- Employee training: Keep employees in full understanding with steps in the management of medical waste for Hazardous Communication and HIPAA practices. The Occupational Safety and Health Administration (OSHA) has standards for bloodborne pathogens (29 CFR 1910.1030) and personal protective equipment. These standards require employers to protect workers from occupational handling and exposure to infectious agents. Along with federal rules, there are many rules around accumulation and transportation that are state specific. Train workers to maintain cleanliness, organization, vigilance, and housekeeping. To support workplace management of biohazard waste, utilize compliance resources and other educational materials.
- Container Management and Labeling: As part of OSHA’s standard, it is important to use the right type of closable container and to segregate biohazard waste contents by compatibility. Many violations include incorrect labeling, failure to keep containers closed, failure to inspect containers for punctures or fullness, and failure to handle containers correctly. Biohazard waste management from the beginning is an integral part of hazard mitigation for workers as well as the general public. The CDC estimates that hospital settings can prevent at least 62% of sharps injuries by using safer container devices along with the appropriate color-coding for organization and labeling per OSHA 1910.145(e)(4).
- Lack of emergency plans: Citations include emergency and fire safety and prevention plans that are missing, inadequate, inconsistent, or outdated. Through OSHA 1910.38, a written emergency action plan must contain procedures for reporting fire or other emergencies, procedures for various types of evacuation along with exit route assignments, employee procedures for evacuations or rescue duties, and contact information.
- Improper waste segregation: Separate vaccine vials away from expired or recalled vaccines for proper management. Separate clothing and other laundry that is contaminated away from bags or containers of other regulated wastes and those that are appropriate to recycle. Custom labeling requirements apply to items that contain bloodborne pathogens, such as HIV or hepatitis B. Use signs and labels to signify biohazard rooms, materials, experiments, equipment, and more.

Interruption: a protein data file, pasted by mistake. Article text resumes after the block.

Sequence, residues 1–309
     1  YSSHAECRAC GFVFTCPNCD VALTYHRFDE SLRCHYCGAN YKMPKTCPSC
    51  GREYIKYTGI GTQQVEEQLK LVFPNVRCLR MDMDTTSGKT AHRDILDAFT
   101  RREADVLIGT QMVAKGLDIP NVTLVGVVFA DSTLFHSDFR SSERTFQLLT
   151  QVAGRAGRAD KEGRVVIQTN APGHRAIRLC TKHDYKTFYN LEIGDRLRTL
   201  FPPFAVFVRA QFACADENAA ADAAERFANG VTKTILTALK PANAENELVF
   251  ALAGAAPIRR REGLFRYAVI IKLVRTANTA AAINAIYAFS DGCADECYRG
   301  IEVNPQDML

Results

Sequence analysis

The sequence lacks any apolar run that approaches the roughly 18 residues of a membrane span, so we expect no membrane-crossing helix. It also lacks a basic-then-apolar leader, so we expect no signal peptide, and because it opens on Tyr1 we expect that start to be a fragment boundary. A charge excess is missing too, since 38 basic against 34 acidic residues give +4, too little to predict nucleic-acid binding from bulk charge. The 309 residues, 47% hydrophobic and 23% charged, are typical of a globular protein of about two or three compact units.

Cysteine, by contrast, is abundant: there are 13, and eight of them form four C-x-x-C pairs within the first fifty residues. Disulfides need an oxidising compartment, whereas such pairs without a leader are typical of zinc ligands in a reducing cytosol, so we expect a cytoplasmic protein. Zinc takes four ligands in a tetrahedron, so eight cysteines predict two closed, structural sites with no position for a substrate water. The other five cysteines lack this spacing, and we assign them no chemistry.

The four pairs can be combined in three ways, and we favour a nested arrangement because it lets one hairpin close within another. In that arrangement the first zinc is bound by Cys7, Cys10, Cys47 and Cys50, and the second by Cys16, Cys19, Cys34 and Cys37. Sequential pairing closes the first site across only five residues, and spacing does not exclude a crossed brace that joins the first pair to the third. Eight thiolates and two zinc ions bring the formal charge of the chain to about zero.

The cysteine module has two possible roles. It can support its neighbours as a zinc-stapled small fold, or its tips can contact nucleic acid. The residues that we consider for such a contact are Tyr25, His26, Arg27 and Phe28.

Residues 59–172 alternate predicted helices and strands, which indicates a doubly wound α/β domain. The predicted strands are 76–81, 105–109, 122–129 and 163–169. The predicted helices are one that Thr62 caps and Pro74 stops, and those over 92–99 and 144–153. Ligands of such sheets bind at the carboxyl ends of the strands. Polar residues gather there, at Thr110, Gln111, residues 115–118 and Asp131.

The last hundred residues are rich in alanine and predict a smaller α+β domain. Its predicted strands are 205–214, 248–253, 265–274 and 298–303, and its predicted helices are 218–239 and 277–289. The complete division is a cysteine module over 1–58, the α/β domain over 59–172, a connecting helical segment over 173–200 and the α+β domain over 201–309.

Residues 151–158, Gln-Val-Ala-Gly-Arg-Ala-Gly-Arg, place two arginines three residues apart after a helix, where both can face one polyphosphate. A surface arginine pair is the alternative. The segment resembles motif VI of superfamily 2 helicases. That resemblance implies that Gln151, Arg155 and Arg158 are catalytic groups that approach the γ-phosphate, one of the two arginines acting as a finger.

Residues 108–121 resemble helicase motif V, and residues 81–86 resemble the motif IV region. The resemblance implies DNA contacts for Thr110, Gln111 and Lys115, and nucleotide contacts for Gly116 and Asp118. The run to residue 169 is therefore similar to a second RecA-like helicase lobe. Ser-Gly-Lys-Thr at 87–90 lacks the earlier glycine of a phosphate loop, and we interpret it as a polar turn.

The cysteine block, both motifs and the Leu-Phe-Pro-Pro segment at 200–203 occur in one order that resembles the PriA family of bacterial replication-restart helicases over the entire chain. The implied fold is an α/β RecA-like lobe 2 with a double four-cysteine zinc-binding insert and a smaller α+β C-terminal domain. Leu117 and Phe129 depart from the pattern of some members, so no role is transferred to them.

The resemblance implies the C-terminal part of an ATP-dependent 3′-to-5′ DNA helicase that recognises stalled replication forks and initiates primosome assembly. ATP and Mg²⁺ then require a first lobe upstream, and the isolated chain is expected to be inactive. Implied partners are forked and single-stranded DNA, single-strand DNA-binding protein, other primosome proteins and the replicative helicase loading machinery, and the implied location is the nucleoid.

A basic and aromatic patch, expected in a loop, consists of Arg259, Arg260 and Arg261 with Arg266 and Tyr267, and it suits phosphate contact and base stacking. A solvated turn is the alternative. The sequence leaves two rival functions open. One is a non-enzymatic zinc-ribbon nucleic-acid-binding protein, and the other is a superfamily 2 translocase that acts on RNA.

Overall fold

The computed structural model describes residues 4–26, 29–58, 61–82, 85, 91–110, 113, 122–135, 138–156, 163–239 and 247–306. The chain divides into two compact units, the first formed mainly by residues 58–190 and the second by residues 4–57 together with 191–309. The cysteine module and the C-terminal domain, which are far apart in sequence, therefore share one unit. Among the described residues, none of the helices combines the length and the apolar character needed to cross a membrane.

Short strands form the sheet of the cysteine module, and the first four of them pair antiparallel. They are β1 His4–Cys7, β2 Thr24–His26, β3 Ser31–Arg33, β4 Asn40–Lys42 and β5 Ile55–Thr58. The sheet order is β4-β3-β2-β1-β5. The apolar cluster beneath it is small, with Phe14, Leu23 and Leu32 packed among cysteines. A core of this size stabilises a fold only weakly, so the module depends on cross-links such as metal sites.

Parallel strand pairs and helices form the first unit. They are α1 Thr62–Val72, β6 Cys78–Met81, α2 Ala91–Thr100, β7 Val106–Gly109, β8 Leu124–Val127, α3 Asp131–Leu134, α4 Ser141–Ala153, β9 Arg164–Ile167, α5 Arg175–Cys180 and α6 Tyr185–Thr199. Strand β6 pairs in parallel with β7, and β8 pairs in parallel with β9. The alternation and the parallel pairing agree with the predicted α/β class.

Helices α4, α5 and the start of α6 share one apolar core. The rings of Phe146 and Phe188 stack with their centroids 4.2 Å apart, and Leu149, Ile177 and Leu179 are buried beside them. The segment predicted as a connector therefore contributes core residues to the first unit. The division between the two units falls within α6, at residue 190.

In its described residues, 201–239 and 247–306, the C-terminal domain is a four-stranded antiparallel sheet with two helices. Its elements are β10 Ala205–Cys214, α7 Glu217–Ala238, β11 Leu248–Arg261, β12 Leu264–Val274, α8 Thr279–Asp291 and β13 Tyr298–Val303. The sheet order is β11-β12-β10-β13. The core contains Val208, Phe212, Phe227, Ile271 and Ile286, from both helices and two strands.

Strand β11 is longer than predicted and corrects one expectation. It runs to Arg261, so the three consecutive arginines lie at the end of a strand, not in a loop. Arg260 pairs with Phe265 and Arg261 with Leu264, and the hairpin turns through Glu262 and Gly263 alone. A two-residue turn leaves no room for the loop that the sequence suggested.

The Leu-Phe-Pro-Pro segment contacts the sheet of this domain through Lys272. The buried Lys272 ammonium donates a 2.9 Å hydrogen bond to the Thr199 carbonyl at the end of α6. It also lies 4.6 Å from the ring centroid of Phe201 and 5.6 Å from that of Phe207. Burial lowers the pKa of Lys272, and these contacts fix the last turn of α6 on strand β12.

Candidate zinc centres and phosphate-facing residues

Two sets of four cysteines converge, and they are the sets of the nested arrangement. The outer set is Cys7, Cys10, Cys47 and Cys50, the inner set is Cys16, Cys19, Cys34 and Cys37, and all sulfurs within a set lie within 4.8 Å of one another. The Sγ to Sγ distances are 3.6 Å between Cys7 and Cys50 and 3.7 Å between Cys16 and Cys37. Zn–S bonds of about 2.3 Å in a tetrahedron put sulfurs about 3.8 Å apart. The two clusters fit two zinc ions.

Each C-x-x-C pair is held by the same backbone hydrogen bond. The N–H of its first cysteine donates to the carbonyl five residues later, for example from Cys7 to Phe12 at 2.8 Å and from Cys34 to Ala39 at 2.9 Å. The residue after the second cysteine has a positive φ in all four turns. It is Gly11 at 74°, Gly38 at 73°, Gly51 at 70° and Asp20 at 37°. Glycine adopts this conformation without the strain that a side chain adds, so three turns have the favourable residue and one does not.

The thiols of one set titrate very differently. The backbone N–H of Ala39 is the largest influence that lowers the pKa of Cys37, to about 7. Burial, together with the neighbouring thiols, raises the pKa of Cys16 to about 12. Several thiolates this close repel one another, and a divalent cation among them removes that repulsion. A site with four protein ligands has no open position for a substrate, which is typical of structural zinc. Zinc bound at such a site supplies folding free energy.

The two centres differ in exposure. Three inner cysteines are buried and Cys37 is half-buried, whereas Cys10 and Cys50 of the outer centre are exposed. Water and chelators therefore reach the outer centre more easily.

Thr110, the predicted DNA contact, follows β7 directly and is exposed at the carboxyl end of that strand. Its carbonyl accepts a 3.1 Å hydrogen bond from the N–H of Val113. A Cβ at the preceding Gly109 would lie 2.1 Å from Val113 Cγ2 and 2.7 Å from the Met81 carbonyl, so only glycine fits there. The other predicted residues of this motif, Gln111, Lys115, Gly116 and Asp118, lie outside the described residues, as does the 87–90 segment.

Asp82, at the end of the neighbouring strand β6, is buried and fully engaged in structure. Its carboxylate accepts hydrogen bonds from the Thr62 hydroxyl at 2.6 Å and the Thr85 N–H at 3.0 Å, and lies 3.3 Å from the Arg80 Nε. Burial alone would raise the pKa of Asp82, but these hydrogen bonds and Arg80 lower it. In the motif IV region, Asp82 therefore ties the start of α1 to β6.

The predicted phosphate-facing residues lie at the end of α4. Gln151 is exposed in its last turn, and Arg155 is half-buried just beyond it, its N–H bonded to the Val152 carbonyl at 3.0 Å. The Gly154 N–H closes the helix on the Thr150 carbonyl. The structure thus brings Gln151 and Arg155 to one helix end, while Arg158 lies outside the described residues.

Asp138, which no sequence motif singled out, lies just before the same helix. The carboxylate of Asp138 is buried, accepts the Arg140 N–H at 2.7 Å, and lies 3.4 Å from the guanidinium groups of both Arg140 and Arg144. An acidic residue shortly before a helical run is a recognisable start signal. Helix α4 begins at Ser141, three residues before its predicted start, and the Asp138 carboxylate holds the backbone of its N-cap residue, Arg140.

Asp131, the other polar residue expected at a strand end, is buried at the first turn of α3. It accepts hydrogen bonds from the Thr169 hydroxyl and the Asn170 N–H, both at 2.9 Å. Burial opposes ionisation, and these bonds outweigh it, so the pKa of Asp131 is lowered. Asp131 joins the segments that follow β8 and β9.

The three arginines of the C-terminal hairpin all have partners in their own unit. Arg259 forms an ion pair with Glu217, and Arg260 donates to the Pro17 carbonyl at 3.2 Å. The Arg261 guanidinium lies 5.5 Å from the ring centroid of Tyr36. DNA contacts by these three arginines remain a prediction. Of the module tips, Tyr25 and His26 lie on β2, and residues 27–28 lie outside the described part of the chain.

- Improper transportation practices: This includes proper treatment and disposal of biohazardous waste per OSHA and the Environmental Protection Agency (EPA). Waste should not be transported to landfills without going through treatment. According to the Department of Transportation (DOT), it is the shipper’s responsibility to properly prep and package biohazard materials.
Improve Biohazard Safety
Mitigate hazards that present a risk or potential risk to the well-being of workers and the public. Correctly identify, segregate, and manage regulated biomedical waste. Ensure all employees with occupational exposure receive adequate waste disposal training and be sure to keep appropriate training documentation. Take a look around the facility and monitor the locations and upkeep of sharps containers and other waste disposals. Make sure warning labels include the universal biohazard symbol and are applied to appropriate containers, refrigerators, and freezers. For label compliance tips and more, download Graphic Products’ free guide on Biohazard Labeling.